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Quantifying In Vivo Luminal Drug Solubilization -Supersaturation-Precipitation Profiles to Explain the Performance of Lipid Based Formulations

Authors
  • Tanaka, Yusuke1, 2
  • Tay, Erin1
  • Nguyen, Tri-Hung1
  • Porter, Christopher J. H.1, 3
  • 1 Monash University, 381 Royal Parade, Parkville, Victoria, 3052, Australia , Parkville (Australia)
  • 2 Hiroshima International University, 5-1-1 Hiro-koshingai, Kure, Hiroshima, 737-0112, Japan , Hiroshima (Japan)
  • 3 Monash University, Parkville, Victoria, 3052, Australia , Parkville (Australia)
Type
Published Article
Journal
Pharmaceutical Research
Publisher
Springer-Verlag
Publication Date
Feb 03, 2020
Volume
37
Issue
3
Identifiers
DOI: 10.1007/s11095-020-2762-9
Source
Springer Nature
Keywords
License
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Abstract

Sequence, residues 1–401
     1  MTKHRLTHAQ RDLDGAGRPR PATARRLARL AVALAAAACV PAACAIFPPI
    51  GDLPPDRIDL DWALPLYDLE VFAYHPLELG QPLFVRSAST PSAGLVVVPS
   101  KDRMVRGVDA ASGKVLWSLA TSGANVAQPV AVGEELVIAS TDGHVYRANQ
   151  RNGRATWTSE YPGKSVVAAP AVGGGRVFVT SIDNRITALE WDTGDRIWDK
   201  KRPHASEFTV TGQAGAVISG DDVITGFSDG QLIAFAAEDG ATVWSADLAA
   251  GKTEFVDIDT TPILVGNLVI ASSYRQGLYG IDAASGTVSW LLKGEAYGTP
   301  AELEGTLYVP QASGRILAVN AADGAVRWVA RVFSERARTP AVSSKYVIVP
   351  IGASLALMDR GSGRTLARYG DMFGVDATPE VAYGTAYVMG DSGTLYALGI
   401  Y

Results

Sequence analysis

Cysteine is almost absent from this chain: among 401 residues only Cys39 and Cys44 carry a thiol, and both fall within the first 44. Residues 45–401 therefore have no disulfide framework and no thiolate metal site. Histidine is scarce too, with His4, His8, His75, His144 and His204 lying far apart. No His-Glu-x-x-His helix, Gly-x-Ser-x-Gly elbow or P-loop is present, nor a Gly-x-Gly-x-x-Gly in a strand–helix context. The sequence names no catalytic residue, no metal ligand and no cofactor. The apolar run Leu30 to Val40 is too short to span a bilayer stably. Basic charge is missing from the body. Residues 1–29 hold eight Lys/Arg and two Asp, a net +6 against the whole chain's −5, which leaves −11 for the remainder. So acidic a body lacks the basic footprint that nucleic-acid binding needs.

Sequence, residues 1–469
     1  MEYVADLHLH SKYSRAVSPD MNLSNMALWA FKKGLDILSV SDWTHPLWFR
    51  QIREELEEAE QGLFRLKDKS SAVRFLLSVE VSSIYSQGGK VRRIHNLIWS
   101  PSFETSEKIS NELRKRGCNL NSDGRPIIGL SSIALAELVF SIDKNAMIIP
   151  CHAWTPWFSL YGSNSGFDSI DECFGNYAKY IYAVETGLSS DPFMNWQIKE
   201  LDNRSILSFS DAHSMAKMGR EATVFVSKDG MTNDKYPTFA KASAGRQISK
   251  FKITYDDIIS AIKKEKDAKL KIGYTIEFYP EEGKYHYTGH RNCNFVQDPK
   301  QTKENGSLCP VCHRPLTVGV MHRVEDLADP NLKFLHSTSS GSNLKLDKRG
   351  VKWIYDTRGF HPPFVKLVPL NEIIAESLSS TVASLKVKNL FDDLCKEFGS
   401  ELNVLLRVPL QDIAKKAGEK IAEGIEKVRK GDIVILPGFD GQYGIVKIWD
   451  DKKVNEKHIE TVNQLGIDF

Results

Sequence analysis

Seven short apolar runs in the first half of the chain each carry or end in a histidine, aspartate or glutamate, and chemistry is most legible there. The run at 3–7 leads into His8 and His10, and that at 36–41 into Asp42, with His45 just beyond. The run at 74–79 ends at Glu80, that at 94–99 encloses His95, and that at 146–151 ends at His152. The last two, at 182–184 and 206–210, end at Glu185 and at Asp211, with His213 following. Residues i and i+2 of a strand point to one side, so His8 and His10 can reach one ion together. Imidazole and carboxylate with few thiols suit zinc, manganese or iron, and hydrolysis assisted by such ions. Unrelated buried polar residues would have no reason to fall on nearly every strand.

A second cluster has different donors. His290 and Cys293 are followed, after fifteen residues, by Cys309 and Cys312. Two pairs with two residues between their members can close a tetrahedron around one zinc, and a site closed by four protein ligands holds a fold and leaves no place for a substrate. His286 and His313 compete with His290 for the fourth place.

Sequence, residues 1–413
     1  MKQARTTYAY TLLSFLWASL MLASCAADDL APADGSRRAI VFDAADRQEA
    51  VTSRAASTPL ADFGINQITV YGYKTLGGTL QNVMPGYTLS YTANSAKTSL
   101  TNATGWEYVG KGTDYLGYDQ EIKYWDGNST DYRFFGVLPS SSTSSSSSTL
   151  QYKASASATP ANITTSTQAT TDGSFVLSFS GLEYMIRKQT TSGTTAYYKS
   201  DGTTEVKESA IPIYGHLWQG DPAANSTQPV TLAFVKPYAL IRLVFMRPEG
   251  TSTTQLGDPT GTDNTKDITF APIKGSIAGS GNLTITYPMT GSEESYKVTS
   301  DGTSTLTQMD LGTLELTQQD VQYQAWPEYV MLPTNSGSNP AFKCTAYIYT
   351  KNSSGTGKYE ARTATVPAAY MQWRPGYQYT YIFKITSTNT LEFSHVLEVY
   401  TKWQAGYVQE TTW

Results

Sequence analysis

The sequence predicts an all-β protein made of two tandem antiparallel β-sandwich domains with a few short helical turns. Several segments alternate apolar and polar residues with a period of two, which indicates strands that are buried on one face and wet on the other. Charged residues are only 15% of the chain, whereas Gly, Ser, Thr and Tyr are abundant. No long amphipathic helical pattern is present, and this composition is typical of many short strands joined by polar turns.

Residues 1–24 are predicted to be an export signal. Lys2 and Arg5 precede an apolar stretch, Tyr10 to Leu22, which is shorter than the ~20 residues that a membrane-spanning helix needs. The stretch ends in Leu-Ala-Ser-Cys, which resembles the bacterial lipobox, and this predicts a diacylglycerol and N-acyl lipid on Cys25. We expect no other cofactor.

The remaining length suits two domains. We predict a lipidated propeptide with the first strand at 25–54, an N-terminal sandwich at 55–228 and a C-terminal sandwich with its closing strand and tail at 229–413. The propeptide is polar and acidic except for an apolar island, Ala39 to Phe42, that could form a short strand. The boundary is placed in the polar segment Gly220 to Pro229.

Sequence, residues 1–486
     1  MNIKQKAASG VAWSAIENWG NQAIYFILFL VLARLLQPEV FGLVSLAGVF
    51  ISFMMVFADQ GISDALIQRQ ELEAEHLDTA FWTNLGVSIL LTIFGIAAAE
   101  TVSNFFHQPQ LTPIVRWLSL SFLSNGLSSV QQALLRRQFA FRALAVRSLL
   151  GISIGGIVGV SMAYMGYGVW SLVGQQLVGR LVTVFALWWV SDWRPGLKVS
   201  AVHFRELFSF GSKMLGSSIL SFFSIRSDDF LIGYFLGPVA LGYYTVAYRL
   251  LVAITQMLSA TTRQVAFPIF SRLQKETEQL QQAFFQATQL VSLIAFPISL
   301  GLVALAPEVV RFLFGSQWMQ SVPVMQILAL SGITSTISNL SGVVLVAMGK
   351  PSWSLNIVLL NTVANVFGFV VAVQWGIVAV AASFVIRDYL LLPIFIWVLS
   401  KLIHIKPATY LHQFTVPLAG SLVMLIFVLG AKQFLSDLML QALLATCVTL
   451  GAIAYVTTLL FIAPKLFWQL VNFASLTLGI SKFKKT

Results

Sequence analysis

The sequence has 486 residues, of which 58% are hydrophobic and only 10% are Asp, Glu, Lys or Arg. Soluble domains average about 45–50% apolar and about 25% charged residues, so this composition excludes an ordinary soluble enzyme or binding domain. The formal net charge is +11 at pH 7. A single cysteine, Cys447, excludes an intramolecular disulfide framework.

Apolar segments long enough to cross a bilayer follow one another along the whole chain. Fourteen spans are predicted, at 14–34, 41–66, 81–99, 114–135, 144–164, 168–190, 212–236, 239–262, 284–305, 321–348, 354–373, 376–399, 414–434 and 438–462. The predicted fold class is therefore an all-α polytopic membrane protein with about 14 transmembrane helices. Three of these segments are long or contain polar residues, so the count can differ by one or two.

PurposeTo evaluate the role of supersaturation in the in vivo absorption of fenofibrate (FFB), after oral administration in a medium-chain lipid-based formulation (MCLBF).MethodsFFB was loaded at 90% and 20% w/w of saturated solubility in MCLBF. The two formulations were pre-dispersed in purified water at 5% w/w (ME90% and 20%, respectively) and orally administered to rats to measure in vivo luminal drug concentrations.ResultsFFB precipitated in the stomach due to lipid digestion by gastric lipases and loss of solubilization capacity. This was most significant for ME90%. For ME90%, a high degree of supersaturation was also observed in the duodenum, however, precipitated FFB crystals rapidly re-dissolved. The combination of supersaturation and rapid re-dissolution appeared to drive effective absorption in the upper intestine. For ME20%, FFB precipitated in the stomach but not in the crystalline form and rapidly re-dissolved. Supersaturation in the duodenum again appeared to be the major driver of oral absorption.ConclusionsThe data provide one of the first studies of in vivo luminal drug concentration, supersaturation and absorption from lipid based formulations and suggests that for FFB, whilst very high supersaturation may drive in vitro and in vivo precipitation, re-dissolution and drug absorption is rapid and efficient.

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